240. Senna.—Senna.

Botanical name: 

Fig. 125. Senna. Fig. 126. Cassia acutifolia. The dried leaflets of Ca'ssia acutifo'lia Delile and C. angustifolia Vahl.

BOTANICAL CHARACTERISTICS.—The acute-leaved senna, C. acutifolia, is a leafy shrub 2 to 5 feet high, bearing axillary racemes of yellow flowers. Legume flat, broadly oblong, very slightly curved inward, rounded at the extremities, terminating in an indurated and nearly obsolete style.

SOURCE.—Alexandria senna, exported by the way of Alexandria, is derived from Ca'ssia acutifo'lia, a species growing wild abundantly in upper Egypt, Nubia, etc. India senna (C. angustifo'lia) is obtained chiefly in Arabia, reaching western ports by way of Bombay and other Indian ports; sometimes called Mocha senna, as originally from that port. The same plant in cultivation yields Tinnevelly senna. The plant yields two annual crops, the best at the close of the rainy season (September), and the other during the dry season. Prepared for market by the natives, who carry it there on camels, where it is cleaned (garbled) and sold.

DESCRIPTION OF DRUG.—Both the Alexandria and the India senna consist of leaflets, a prominent distinction between the two being their size; the former, the acutifolia, is described as follows: Lanceolate or ovatelanceolate, 1.5 to 3 cm. long, 5 to 8 mm. broad; apex acute, mucronate; base unequal, acute; margin entire; upper surface light green, nearly glabrous, midrib sometimes depressed, veins of first order more or less prominent; under surface light grayish-green, midrib prominent, minutely pubescent, especially near the veins; petiole about 1 mm. long; texture coriaceous, fibrous; odor slight; taste somewhat bitter. Powder: Light green; non-secreting hairs 0.1 to 0.2 mm. long, one-celled, thick-walled, the wall of the upper part strongly cuticularized; calcium oxalate crystals rosette-shaped or in monoclinic prisms. The powder of Indian senna (C. angustifolia) is dark green and has relatively few non-secreting hairs. (For fuller particulars of the microscopical distinction of the two powders, see article by the author, "Amer. Jour. Pharm.," June, 1897, p. 298.) The India senna is by far a cleaner senna; senna should be free from stalks and other inert materials, and from Argel leaves (Solenostem'ma ar'gel, N. O. Asclepiadeae), which are thick, even at the base, and one-veined.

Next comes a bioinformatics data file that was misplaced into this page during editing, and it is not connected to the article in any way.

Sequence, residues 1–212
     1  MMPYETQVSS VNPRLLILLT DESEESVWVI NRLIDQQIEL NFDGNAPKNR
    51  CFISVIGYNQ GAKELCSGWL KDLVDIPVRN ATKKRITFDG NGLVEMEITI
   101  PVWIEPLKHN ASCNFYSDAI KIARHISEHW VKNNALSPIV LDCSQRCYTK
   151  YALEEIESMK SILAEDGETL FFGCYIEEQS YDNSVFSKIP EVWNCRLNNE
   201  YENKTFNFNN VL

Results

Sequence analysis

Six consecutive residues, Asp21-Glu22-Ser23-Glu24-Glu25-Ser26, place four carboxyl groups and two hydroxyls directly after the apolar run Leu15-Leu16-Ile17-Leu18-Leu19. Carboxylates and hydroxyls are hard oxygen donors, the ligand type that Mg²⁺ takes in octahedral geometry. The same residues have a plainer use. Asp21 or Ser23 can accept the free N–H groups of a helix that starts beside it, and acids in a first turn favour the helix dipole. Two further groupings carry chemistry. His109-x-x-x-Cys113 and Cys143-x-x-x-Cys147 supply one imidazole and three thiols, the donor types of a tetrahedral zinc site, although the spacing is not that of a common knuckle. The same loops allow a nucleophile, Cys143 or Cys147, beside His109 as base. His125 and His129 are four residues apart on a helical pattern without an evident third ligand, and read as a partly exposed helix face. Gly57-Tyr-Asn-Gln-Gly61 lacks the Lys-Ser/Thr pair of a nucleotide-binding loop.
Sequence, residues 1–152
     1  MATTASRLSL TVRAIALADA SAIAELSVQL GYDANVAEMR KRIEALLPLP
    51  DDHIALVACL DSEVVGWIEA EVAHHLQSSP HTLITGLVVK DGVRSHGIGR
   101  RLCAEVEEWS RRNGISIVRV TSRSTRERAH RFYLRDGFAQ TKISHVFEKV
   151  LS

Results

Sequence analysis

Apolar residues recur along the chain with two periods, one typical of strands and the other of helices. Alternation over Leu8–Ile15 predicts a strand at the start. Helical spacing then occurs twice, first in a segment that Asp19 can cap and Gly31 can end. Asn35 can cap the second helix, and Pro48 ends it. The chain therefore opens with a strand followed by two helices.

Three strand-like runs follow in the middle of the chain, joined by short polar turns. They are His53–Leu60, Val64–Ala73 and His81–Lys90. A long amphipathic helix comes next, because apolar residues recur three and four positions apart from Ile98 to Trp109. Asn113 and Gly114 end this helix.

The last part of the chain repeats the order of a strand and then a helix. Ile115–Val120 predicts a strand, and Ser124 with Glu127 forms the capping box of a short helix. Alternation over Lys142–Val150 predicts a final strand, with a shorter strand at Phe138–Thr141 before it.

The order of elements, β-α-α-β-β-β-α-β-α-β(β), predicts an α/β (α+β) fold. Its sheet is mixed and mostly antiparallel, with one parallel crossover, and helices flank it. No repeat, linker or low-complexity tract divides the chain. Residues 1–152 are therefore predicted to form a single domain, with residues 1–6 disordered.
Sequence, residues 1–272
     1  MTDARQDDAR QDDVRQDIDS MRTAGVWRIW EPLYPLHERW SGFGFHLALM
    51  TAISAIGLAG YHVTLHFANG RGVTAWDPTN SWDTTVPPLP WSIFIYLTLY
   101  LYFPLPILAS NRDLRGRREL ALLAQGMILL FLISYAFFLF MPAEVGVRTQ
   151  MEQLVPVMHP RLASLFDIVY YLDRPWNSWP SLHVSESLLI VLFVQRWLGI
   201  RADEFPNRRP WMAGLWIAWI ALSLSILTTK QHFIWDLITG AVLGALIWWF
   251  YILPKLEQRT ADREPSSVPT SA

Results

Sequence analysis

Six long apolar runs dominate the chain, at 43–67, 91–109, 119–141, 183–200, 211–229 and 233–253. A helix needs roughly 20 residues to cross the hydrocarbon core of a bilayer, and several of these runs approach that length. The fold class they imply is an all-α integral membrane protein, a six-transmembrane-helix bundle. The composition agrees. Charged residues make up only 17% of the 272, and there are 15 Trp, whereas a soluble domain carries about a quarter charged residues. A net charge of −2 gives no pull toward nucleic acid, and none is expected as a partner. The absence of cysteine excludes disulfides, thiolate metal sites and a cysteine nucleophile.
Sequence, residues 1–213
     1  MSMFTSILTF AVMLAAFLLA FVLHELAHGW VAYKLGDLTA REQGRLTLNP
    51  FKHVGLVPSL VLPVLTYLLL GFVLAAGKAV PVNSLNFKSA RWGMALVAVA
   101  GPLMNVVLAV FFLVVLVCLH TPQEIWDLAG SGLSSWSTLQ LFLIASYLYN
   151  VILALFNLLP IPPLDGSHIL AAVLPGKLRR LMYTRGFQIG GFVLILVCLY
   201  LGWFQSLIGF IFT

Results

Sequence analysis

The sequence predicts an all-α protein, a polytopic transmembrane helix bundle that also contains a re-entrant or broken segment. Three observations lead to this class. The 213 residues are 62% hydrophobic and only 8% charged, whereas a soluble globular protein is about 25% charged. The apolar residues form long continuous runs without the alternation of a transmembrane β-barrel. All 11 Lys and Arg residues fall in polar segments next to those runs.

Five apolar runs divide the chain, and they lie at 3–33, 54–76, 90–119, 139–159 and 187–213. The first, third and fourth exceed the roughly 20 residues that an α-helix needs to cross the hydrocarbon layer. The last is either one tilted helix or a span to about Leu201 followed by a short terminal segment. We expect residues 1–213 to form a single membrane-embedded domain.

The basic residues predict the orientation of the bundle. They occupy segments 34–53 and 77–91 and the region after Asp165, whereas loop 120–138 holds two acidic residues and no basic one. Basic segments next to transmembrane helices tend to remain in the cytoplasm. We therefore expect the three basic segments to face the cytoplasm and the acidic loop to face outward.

Fig. 295. Powdered Senna (India). Powder.—Characteristic elements: See Part iv, Chap. I, B.

CONSTITUENTS.—The purgative action of senna depends upon a sulphuretted glucoside, cathartic acid, insoluble in alcohol, soluble in water, but rendered partially or wholly inert by prolonged evaporation or boiling of its solution. Senna also contains chrysophan, phaeoretin, sennacrol, and glucosennin, C22H18O8; this latter is probably an emodin glucoside. The emodin is said to be identical with that found in Barbadoes and Cape Aloes. The principles giving the odor and taste to senna, also its griping action, are extracted by alcohol, somewhat affecting the cathartic action, however. Ash, not more than 12 per cent. not less than 3 per cent.; insoluble in HCl.

EMODIN TEST.—This test is applied to the emodin-bearing drugs such as Rhubarb, Aloes, Senna, etc. The tests as applied are practically the same. For Senna it is as follows: Mix 0.5 Gm. of powdered Senna with 10 mils of an alcoholic solution of potassium hydroxide (1 in 10), boil the mixture for about two minutes, dilute it with 10 mils of water and filter. Now acidify the filtrate with hydrochloric acid, shake it with ether; remove the ethereal layer and shake it with 5 mils of ammonia water; the latter is colored yellowish-red.

Preparation of Cathartic Acid.—Rhubarb or senna may be treated separately as follows: Moisten the drug with alcohol. Macerate 48 hours and percolate with strong alcohol till exhausted, to remove chrysophanic acid, resin, etc. Exhaust the marc with 60 per cent. alcohol. Evaporate the percolate at 50°C. to syrup, with constant stirring. Precipitate extract with 85 per cent. alcohol and filter to remove gum. The filtrate, after evaporating to a syrupy consistence, is added to a large excess of absolute alcohol. The brown precipitate thus produced is spread on glass to dry. It is then in light, shining scales.

ACTION AND USES.—A prompt and efficient cathartic. Its griping action may be prevented by combining it with an aromatic and one of the alkaline salts, or, as before stated, by first extracting the griping principle with alcohol. Dose: 2 to 8 dr. (8 to 30 Gm.).


Infusum Sennae Compositum (6 per cent., with manna and Epsom salts, each, 12 per cent., and fennel 2 per cent.), Dose: 1 to 2 ½ fl. oz. (30 to 75 mils).
Syrupus Sennae (25 per cent. of Fl'ext.), 1 to 4 fl. dr. (4 to 15 mils).
Fluidextractum Sennae, ½ to 4 fl. dr. (2 to 15 mils).
Pulvis Glycyrrhizae Compositae (18 per cent.), 1 to 2 dr. (4 to 8 Gm.).
Syrupus Sarsaparillae Compositus, 4 fl. dr. (15 mils).

A Manual of Organic Materia Medica and Pharmacognosy, 1917, was written by Lucius E. Sayre, B.S. Ph. M.